Advertisement
YOU ARE HERE: LAT HomeCollections

NEWSBITES / BENJAMIN EPSTEIN

There Are Plenty of Places to Have a Fill-Good Holiday

November 17, 1994|BENJAMIN EPSTEIN | Benjamin Epstein is a free-lance writer who regularly contributes to the Times Orange County Edition. Information for this column can be faxed to (714) 966-7790. Or phone (714) 966-7700.

Turkey, again?

Yes and no. It's been several centuries since serving turkey with New World foods became a Thanksgiving tradition, and over time Americans have discovered that there's more than one way to stuff a bird, and themselves.

There's tandoori turkey, for instance. At the Clay Oven and Bombay Duck restaurants, turkeys are skinned, trimmed of fat, marinated in yogurt, herbs and spices for a day or two, stuffed with basmati , vegetables and nuts, cooked over mesquite in a tandoor oven and served with cranberry chutney. The turkeys weigh eight to 10 pounds, serve four to six, can be picked up on Thanksgiving Day or the day before, and cost $39.95.

A "Native American Thanksgiving Feast" at Topaz Cafe includes a native salad with avocado and appaloosa beans; roast turkey with pine nut, sage and corn bread stuffing; maple, bourbon and clove-studded ham with sour mango sauce; potlach smoked and oven-baked salmon with cilantro pesto and corn salsa; four-berry trifle, and chocolate bread pudding. The buffet will be served on the holiday from 10 a.m. to 5 p.m. It's $13.95 a person; $5.95 for children under 10.

Disney's version of the holiday, "A Disney First Thanksgiving," is set in a pumpkin patch. An all-you-can-eat buffet is only one of the draws; others include chipmunks Chip 'n' Dale in Native American dress, Pilgrim Goofy, Three Little Pigs, the Big Bad Wolf and continuous musical entertainment. It takes place from noon to 7 p.m. at the Disneyland Hotel. Adults, $35.50; children 3 to 11, $12.50; under 3, $3.

Las Brisas will serve Thanksgiving fare for the first time in its 15-year history. Choice of soups ($3.95) include a creamy roasted butternut squash soup in a strudel bowl. Among appetizers ($6 to $7.25) is a duck tamale with Indian corn and pomegranate sauce. Half a dozen entrees ($16.25 to $21) include turkey with jalapeno corn bread stuffing and cranberry-orange relish. Dinner served from 2 to 8 p.m.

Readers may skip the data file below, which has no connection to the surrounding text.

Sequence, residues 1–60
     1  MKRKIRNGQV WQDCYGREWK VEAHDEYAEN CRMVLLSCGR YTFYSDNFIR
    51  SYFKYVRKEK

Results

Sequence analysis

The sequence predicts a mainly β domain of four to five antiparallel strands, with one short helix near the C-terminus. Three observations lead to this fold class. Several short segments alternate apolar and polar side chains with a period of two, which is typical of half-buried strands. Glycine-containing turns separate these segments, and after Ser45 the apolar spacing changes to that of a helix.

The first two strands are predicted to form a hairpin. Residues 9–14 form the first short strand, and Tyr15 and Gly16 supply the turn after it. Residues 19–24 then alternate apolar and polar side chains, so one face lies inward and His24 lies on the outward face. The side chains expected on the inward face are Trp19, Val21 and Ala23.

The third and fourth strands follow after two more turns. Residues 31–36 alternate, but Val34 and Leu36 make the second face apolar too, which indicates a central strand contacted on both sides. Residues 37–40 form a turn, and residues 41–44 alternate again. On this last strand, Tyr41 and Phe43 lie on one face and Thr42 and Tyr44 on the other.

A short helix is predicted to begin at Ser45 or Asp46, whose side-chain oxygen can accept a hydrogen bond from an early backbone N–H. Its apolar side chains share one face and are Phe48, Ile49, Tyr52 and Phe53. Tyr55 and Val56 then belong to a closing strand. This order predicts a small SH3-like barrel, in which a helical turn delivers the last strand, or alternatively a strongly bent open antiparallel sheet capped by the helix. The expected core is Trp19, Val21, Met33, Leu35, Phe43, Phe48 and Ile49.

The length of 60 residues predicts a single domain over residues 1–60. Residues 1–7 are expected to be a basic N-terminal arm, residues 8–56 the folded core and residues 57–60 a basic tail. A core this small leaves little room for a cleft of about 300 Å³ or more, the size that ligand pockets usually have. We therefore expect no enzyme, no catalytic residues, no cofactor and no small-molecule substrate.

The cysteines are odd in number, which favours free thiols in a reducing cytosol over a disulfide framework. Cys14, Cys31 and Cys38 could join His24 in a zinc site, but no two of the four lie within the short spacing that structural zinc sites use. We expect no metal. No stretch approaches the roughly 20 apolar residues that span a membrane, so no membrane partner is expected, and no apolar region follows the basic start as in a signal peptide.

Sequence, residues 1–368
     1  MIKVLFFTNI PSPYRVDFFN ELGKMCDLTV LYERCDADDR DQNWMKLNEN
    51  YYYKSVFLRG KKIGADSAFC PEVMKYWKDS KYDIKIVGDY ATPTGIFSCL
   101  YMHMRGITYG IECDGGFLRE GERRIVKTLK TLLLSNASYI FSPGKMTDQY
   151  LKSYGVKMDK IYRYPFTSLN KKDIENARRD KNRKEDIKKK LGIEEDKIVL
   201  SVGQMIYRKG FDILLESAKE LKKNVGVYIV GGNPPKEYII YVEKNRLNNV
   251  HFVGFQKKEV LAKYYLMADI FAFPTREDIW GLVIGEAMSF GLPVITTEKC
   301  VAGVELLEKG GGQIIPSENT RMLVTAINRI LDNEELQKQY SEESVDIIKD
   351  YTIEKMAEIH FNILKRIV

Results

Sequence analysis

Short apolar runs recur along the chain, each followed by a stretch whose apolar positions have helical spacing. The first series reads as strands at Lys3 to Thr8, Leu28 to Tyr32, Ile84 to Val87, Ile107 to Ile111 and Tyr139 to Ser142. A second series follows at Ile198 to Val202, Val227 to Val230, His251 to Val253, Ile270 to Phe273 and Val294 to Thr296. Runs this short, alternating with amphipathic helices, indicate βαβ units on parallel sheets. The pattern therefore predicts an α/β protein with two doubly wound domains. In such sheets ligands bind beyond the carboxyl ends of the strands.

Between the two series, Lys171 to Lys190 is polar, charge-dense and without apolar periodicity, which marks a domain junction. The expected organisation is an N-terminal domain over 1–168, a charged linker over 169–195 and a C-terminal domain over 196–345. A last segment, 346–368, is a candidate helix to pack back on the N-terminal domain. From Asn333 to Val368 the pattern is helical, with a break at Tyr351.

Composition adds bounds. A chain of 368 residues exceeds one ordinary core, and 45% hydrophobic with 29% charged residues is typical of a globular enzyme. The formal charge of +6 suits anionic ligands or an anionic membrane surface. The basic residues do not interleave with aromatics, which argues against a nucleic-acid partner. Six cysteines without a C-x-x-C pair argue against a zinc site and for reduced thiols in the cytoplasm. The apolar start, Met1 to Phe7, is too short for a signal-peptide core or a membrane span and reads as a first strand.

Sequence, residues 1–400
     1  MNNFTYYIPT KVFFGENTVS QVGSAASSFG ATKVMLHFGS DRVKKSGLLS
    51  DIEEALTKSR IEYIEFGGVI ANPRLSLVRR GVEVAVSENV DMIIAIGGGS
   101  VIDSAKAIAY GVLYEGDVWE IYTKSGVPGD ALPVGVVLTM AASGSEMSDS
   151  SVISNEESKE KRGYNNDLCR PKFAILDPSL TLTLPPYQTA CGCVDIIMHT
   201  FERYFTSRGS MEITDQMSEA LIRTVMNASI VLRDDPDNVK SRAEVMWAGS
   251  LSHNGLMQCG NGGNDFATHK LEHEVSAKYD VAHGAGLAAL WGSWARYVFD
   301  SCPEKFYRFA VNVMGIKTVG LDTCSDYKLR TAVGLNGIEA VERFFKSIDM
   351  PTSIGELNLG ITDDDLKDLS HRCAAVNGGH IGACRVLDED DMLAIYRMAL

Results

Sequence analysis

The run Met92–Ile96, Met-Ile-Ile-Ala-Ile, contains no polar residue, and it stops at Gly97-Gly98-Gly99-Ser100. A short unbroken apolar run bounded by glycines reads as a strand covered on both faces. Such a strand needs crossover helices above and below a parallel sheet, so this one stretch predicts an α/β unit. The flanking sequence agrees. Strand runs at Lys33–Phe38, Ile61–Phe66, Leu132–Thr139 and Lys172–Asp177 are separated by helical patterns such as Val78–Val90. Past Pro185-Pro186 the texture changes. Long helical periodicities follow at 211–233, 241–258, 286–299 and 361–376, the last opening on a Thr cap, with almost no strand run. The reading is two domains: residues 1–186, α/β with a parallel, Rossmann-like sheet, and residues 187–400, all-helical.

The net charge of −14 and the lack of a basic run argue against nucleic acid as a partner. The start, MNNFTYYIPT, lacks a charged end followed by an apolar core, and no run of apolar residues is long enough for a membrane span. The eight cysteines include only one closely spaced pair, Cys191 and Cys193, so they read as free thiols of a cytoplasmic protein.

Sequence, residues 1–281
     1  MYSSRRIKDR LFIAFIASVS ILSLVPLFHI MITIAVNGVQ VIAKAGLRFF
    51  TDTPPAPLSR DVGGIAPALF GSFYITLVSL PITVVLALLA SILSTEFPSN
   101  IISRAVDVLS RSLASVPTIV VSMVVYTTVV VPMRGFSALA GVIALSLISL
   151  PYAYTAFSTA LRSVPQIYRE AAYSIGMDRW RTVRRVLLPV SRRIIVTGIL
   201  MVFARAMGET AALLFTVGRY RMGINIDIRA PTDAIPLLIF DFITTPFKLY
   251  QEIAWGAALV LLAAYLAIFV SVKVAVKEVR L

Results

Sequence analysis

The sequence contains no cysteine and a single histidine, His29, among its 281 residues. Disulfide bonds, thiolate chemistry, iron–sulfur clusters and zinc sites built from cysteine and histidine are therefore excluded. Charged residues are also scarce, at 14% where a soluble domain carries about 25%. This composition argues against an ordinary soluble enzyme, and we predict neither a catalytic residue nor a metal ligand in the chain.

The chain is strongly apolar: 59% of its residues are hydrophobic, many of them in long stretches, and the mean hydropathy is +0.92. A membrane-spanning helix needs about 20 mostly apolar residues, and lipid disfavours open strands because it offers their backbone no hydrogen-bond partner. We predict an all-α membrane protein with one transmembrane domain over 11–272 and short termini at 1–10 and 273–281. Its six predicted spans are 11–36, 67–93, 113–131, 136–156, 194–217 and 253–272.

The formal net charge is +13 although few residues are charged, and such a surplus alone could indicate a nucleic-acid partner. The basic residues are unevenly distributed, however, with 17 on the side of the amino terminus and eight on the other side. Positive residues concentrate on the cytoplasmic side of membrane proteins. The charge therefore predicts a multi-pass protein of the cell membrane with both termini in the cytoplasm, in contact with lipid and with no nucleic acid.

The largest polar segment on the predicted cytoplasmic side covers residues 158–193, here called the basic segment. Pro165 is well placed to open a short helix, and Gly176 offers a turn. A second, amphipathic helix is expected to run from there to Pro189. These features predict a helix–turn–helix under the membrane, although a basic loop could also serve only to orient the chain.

Those on more of a budget might head for PoFolks, and what seems to be an amazing Thanksgiving Day bargain: an all-you-can-eat ham or turkey dinner with corn bread stuffing and giblet gravy, cranberry sauce, mashed potatoes, green beans, biscuits and pumpkin pie for $7.99. For kids under 10, a turkey meal is $2.99. The restaurant specializes in hearty portions and Southern-style cooking; this offer runs 11 a.m. to 7 p.m.

RUFF! Turkey's usually not good for dogs, but it can be if people are eating it. Every penny from a roast turkey dinner served from noon till 4 p.m. at Tivoli Terrace, including tips for volunteer waiters, will be turned over to RUFF, which stands for Rescuing Unwanted Furry Friends and the support arm for the Laguna Beach Animal Shelter. The meal includes salad, stuffing, sweet potatoes and pumpkin pie; wine is additional. Adults, $15; children ages 12 and under, $7.50. For those who love animals and don't eat them, vegetarian fare is available.

Vegetarian fare is all you'll find at Last Mango in Newport, so complementing traditional mashed potatoes, baked glazed yams and cranberry sauce will be a gluten-based mock turkey and brown almond nut roast. The meal is served from 11:30 a.m. to 8 p.m.; $13.95 includes pumpkin or apple pie and beverages.

And in the true spirit of Thanksgiving: La Casa Garcia hopes to serve 10,000 turkeys to those who are alone or unable to cook, or who simply need a way to feed their families a holiday dinner. Phone the restaurant if you can help with the loan of tables or chairs or donation of turkeys, milk, butter--200 pounds of butter are needed--fruit, vegetables or pumpkin pies. Financial contributions help pay for food. Dinner is served from 11 a.m. to 5 p.m. in the parking lot.

Bombay Duck, 229 Ocean Ave., Laguna Beach. (714) 497-7307.

Clay Oven, 15435 Jeffrey Road, Irvine. (714) 552-2851.

Disneyland Hotel, 1150 W. Cerritos Ave., Anaheim. (714) 956-6413.

La Casa Garcia, 531 W. Chapman Ave., Anaheim. (714) 740-1108.

Las Brisas, 361 Cliff Drive, Laguna Beach. (714) 497-5434.

Last Mango in Newport, 2900 Newport Blvd., Newport Beach. (714) 723-5778.

PoFolks, 7701 Beach Blvd., Buena Park. (714) 521-8955.

Tivoli Terrace, 650 Laguna Canyon Road, Laguna Beach. (714) 494-9650.

Topaz Cafe, 2002 N. Main St., Santa Ana. (714) 835-2002.

*

'Tis the season for . . . Beaujolais Nouveau. The new vintage is released in France on the third Thursday each November, and there is traditionally a race to acquire first samplings. The wine also happens to go well with turkey.

Today from noon to 5 p.m., Hi-Time Wine Cellars hosts an open Beaujolais Nouveau tasting featuring more than a dozen wines; the cost is $10. The same tasting augmented by Thanksgiving hors d'oeuvres takes place from 5 to 8 p.m.; it's $20, and reservations are required.

Today from 5:30 to 7 p.m., French and California Beaujolais will be tasted side by side at Pascal Epicerie; the cost is $10 and includes hors d'oeuvres.

Advertisement
Los Angeles Times Articles
|
|
|